Loan Education: What is an Installment Loan and How Do They Work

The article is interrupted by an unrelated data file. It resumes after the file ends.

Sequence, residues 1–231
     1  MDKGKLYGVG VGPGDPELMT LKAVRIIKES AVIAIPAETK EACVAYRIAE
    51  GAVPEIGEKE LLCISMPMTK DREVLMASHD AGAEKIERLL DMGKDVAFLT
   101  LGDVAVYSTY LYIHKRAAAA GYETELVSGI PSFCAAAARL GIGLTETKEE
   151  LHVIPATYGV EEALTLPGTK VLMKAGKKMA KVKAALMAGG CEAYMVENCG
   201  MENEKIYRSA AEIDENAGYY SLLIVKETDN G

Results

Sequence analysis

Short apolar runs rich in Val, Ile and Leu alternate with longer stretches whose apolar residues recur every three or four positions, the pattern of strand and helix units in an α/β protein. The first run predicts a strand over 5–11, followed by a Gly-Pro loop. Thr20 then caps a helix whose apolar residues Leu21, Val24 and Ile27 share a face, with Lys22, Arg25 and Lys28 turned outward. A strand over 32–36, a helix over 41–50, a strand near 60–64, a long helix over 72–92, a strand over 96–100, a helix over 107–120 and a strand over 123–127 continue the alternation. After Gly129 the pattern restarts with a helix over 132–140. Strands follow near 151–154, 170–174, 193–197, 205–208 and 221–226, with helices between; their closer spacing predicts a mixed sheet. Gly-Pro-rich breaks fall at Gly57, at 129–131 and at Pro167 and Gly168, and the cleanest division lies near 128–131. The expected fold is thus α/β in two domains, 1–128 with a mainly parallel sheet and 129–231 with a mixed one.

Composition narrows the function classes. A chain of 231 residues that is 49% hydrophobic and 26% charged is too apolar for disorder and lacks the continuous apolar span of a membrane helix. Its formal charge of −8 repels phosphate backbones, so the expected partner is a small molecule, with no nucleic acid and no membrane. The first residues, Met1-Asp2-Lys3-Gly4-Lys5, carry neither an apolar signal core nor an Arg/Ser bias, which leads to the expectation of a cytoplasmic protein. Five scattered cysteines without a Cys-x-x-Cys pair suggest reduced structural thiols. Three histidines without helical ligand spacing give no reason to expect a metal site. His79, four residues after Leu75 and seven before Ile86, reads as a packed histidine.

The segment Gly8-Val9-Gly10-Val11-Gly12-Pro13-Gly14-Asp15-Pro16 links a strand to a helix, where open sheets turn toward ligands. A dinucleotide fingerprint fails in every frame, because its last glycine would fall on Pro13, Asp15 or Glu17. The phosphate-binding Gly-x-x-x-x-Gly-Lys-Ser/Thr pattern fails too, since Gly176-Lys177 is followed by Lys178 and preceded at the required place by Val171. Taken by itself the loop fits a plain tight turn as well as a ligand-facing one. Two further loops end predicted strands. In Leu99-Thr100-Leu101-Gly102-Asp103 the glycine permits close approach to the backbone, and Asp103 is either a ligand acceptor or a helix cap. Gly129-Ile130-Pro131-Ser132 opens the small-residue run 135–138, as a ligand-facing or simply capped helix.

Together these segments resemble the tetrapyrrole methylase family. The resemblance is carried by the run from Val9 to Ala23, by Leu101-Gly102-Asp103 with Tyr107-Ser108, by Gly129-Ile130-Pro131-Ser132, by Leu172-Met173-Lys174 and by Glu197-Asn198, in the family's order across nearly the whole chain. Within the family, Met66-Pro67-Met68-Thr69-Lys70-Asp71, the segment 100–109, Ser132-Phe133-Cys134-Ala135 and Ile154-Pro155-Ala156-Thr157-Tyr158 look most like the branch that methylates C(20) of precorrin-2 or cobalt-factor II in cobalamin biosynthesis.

As of late 2020, the total US consumer debt was a staggering $14.2 trillion, with the average American being $95,727 in debt. Debt is good or bad, depending on how you manage it.If you need extra cash, then why not consider taking an installment loan? You’ve probably heard of installment loans, but what are they, and is taking them a good idea? If you have no clue, then maybe it’s time for some loan education.An installment loan, as the name connotes, is any loan that you repay in installments. It’s an umbrella term representing both personal and commercial loans. Any loan that you pay in regular intervals stipulated by the lender is an installment loan.In this post, we’ll be delving into what an installment loan is and why you should consider taking one.What Is an Installment Loan?As mentioned above, an installment loan is a broad term for any loan that you pay off over time in regular installments. Installment loans encompass mortgage, personal, auto, and student loans. Most installment loans have a fixed interest rate and equal monthly payments.Auto loans and fixed-rate home loans are the most common types of installment loans. However, some student loans and even mortgages can be installment loans. Some lenders may refer to installment loans as closed-end credit.How Does an Installment Loan Work?Installment loans enable borrowers to access large sums of money for massive purchases. The borrower then makes small payments over the specified repayment period. With repayment periods that could extend over several years, it makes massive purchases like buying a house or vehicle seem more affordable.The lender gives you a lump sum amount, then calculates your monthly or bi-weekly payments. Each monthly payment reduces your total loan amount until your balance gets to zero. Interest and other operating costs are also included in the regular payments.The lender should tell you the monthly payment they expect before processing the loan. Some personal loan lenders might offer preliminary monthly payment quotes that won’t touch your credit.It’s worth noting that most of your initial payments go towards paying off your interest. As such, the first few payments are typically smaller than the subsequent ones. Eventually, the small payments add up and clear your entire debt balance, covering both the loan and interest.Types of Installment LoansAs mentioned earlier, there are many types of installment loans. Here are some of the most common ones:-Personal loans: You can get unsecured personal loans from banks, credit unions, and other financial institutions. Some lenders offer personal loans as installment loans for various purposes.Home Purchase Loans: This is your conventional thirty or fifteen-year mortgage paid in regular installments.Student loans: Student loans are installment loans that affect your credit score. You’ll have to pay back your student loans in installments after you complete your education.Home equity loans: You can borrow against your home’s equity and pay back the loan amount in installments.These are just a few of the several types of installment loans. Other types of installment loans include RV loans, dental loans, and even fertility loans. Any loan that borrowers repay in regular payments is an installment loan.Pros of Installments LoansInstallment loans are an excellent option for anyone looking to make a large purchase but don’t have the cash at hand. Here are a few advantages of installment loans.You can borrow the amount you need: Whether you need a few thousand dollars or hundreds of thousands of dollars, you can get it through an installment loan. Explore various options and settle for lenders with the best installment loans for your financial needs.They are fast: You can apply for installment loans and get one in a flash. Installment loans come in handy during financial emergencies.Great for your credit score: You can borrow installment loans despite your low credit score. If you’re consistent with your payments, you can actually improve your credit score. If you’re looking to take your credit score a notch higher, borrow an installment loan next time you need extra cash.You can borrow online: The internet has made borrowing installment loans a breeze. You can complete your application online and receive your loan right away. This makes it a better alternative to other loan types.Unmatched flexibility: Most lenders let you decide what amount you want to borrow and how long you plan to repay the cash. That way, you can easily manage your finances because you can decide how you plan to pay off the loan.Cons of Installment LoansAlthough installment loans can throw you a lifeline when you’re in the financial doldrums, they have their downsides. Here are a few cons of installment loans.One-time Loan: Unlike lines of credit, an installment loan is a one-time loan. This means you can’t borrow over the loan amount unless you pay back the loan and borrow another one.Hidden Fees: Some lenders might charge special hidden fees that may catch you off-guard. That’s why you need to be careful with the type of lender you settle for.Increasing interest: The longer you take to repay the loan, the higher the interest you’ll have to pay. You’re better off borrowing a loan that you can repay earlier on to avoid hefty interest fees.Prepayment penalties: Most lenders have a hidden penalty if you pay back the loan earlier than you should. This means you can’t escape the high interest because the lender will penalize you for early payment.For most people, the benefits of installment loans outweigh the drawbacks. However, you need to be careful with the lender you settle for.Loan Education for Better Financial DecisionsHopefully, the above information has you up to speed with everything you need to know about installment loans. Remember, comprehensive loan education is imperative to borrowing any other loan. Make sure you liaise with a financial advisor before taking out a huge installment loan for whatever reason.For more informative content, read our other posts on the site.